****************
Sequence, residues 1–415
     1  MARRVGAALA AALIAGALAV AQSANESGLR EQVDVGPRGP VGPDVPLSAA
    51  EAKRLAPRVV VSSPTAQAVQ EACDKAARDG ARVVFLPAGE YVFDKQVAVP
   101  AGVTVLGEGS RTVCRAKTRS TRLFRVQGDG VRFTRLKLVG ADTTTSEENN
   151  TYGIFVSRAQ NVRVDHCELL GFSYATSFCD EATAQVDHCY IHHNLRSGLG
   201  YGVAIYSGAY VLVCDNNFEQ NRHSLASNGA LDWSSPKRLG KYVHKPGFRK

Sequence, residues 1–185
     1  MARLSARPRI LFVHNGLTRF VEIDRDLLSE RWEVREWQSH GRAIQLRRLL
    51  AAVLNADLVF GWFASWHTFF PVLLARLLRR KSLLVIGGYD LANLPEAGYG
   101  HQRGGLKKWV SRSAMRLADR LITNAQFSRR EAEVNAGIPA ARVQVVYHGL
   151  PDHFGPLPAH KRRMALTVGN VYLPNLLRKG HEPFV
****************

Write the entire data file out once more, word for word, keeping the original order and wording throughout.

Sequence, residues 1–415
     1  MARRVGAALA AALIAGALAV AQSANESGLR EQVDVGPRGP VGPDVPLSAA
    51  EAKRLAPRVV VSSPTAQAVQ EACDKAARDG ARVVFLPAGE YVFDKQVAVP
   101  AGVTVLGEGS RTVCRAKTRS TRLFRVQGDG VRFTRLKLVG ADTTTSEENN
   151  TYGIFVSRAQ NVRVDHCELL GFSYATSFCD EATAQVDHCY IHHNLRSGLG
   201  YGVAIYSGAY VLVCDNNFEQ NRHSLASNGA LDWSSPKRLG KYVHKPGFRK

Sequence, residues 1–185
     1  MARLSARPRI LFVHNGLTRF VEIDRDLLSE RWEVREWQSH GRAIQLRRLL
    51  AAVLNADLVF GWFASWHTFF PVLLARLLRR KSLLVIGGYD LANLPEAGYG
   101  HQRGGLKKWV SRSAMRLADR LITNAQFSRR EAEVNAGIPA ARVQVVYHGL
   151  PDHFGPLPAH KRRMALTVGN VYLPNLLRKG HEPFV